11. Eur J Gastroenterol Hepatol. 2002 Apr;14(4):425-7. Related Articles, Links Celiac.com 07/30/2004 - The following abstract of a study that was done in 2002 emphasizes the importance of vitamin supplementation in the treatment of many celiacs: Dickey W. - Department of Gastroenterology, Altnagelvin Hospital, Londonderry BT47 6SB, Northern Ireland. OBJECTIVE: Although coeliac disease is a disorder of the proximal small bowel, associated vitamin B12 deficiency has been reported. This study aimed to assess the prevalence of B12 deficiency in a large series of coeliac patients, and to exclude the possibility that it is due to associated autoimmune gastritis. DESIGN: Prospective routine measurement of serum B12 in coeliac patients, with investigations for pernicious anaemia/autoimmune gastritis in B12-deficient patients. SETTING: Gastroenterology department of a large district general hospital. INTERVENTIONS: If they were not taking vitamin B12 supplements already, patients had serum B12 measured before starting dietary gluten exclusion. Those with low levels also had gastric biopsies taken and plasma gastrin and serum gastric parietal cell and intrinsic factor antibodies measured. MAIN OUTCOME MEASURES: Prevalence of low serum B12, and presence or absence of indicators of pernicious anaemia/autoimmune gastritis in patients with low serum B12. RESULTS: Of 159 patients, 13 had low serum B12 at diagnosis. A further six had been receiving B12 replacement therapy for 3-37 years before diagnosis, giving an overall prevalence of 12% (19 patients). Only 2/19 patients had gastric corpus atrophy, one with intrinsic factor antibodies and the other with hypergastrinaemia. There was no relationship between low B12 and clinical characteristics. CONCLUSIONS: Low B12 is common in coeliac disease without concurrent pernicious anaemia, and may be a presenting manifestation. B12 status should be known before folic acid replacement is started.
  12. J Tropical Pediatrics 2004, 50:37-40 Celiac.com 03/30/2004 – Researchers in India have discovered that serum prolactin levels in those with celiac disease are elevated in direct proportion to the severity of the disease. Dr. Gaurav Kapur and colleagues from the Lady Hardinge Medical College, New Delhi screened serum prolactin levels in 41 children who were diagnosed with celiac disease, 21 of which were on a gluten-free diet for more than a year. The results were compared to 41 healthy controls. The researchers found that serum prolactin levels were highly elevated in those with active celiac disease (average of 48.3 ng/mL), and present at lower levels in those on a gluten-free diet (average of 18.3 ng/mL). The healthy controls had an average level of 9.3 ng/mL. The longer the disease was left untreated along with the increase in severity of villous atrophy, the higher the levels of serum prolactin that were detected. The researchers conclude that serum prolactin levels can be used to determine the severity of celiac disease in patients, and this option is more economically viable than the use of other options.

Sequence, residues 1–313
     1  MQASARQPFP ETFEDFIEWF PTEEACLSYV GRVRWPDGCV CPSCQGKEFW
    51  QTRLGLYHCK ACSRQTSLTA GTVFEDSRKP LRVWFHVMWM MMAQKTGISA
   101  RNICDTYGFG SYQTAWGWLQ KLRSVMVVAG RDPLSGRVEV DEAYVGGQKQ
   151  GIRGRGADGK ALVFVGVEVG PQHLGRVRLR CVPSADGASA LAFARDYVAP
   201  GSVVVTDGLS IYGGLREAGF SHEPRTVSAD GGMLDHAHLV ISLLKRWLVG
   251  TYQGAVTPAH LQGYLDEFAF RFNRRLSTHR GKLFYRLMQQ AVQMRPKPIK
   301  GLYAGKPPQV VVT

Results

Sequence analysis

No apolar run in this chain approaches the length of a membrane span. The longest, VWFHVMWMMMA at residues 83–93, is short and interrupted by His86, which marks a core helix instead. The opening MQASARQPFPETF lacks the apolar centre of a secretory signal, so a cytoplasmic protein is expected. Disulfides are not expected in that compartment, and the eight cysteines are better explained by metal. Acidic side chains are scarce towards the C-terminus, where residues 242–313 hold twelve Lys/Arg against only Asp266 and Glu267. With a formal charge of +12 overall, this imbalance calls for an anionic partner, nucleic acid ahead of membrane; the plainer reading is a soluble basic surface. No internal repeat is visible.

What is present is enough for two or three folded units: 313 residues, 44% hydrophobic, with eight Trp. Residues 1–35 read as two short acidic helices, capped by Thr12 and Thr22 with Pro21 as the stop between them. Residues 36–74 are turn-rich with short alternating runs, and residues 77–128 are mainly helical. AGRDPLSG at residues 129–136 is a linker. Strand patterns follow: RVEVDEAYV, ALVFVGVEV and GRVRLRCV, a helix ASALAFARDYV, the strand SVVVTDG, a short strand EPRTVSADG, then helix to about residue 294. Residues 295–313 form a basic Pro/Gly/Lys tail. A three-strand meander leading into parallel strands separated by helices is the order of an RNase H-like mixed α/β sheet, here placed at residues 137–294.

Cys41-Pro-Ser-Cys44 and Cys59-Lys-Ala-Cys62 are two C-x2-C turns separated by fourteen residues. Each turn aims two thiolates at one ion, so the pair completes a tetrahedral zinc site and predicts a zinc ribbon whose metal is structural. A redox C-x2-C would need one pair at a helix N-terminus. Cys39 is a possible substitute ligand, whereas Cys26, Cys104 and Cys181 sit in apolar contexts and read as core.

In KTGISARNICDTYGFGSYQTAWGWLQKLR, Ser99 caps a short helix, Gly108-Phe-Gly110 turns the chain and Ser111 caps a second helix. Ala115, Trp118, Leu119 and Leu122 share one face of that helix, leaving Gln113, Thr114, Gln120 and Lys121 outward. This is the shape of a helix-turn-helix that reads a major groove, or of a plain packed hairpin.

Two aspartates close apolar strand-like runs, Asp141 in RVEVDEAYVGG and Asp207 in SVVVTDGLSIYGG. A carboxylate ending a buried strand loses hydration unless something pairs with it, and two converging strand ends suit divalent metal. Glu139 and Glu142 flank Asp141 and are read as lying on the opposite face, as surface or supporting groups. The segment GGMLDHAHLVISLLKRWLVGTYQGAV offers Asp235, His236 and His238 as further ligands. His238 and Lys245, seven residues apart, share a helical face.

13. Vijay Kumar, M.D., Research Associate Professor at the University of Buffalo and President and Director of IMMCO Diagnostics: The biopsy may be inconclusive. Serum, if tested for gliadin, endomysial and reticulin antibodies, should provide unequivocal information. Ours and other studies have provided a strong reliability of the serum tests. Karoly Horvath, M.D., Ph.D., Associate Professor of Pediatrics; Director, Peds GI & Nutrition Laboratory; University of Maryland at Baltimore: The biopsy may be inconclusive in a small percentage of patients with so-called patchy lesions in the duodenum. It means that there are histologically normal looking spots with finger like villi and pathologic spots showing flattened mucosa in the upper half of the duodenum. If celiac disease is suspected, the gastroenterologist should obtain several biopsies from different spots of the whole duodenum. Most of the endoscopists routinely examine only the upper half of the duodenum (duodenal bulb and the descending part). The transverse segment of the duodenum is not viewed routinely. Few endoscopic centers have an enteroscope, which is a longer and more flexible endoscope for examining the entire duodenum and jejunum. The enteroscopy allows you to obtain biopsies even from the jejunum. The histological examination of a single biopsy specimen may increases the risk of false negative diagnosis. The experience of the pathologist in the interpretation of small intestinal histology is important. In centers specializing in celiac disease the gastroenterologist routinely reviews the histologic slides together with the pathologist. There is still a possibility of inconclusive results if multiple biopsies are obtained and the histological interpretation is appropriate. All disease has a developmental process. It means that it takes time for the pathological changes to be evident. There are cases when the symptoms suggest celiac disease, however, the histology is not conclusive. This problem occurs in only a few cases. A repeated biopsy may be necessary after a period of higher gluten intake. However, if the antiendomysium antibody test is positive and the histology is not conclusive a gluten-free diet is recommended. The serology test may be inconclusive if: The sample handling and shipping is inappropriate; e.g. the serum was shipped at room temperature for days The patient has IgA deficiency, which occurs in one out of 600 people in the general population and much more frequently in patients with celiac disease. In these cases the antigliadin IgA and the antiendomysium IgA tests give negative results. If the tests are performed in a laboratory specialized in celiac serological tests, the laboratory recommends a test for immunoglobulins. If a patient has IgA deficiency and positive antigliadin IgG test, he/she should undergo further absorptive tests and/or an intestinal biopsy.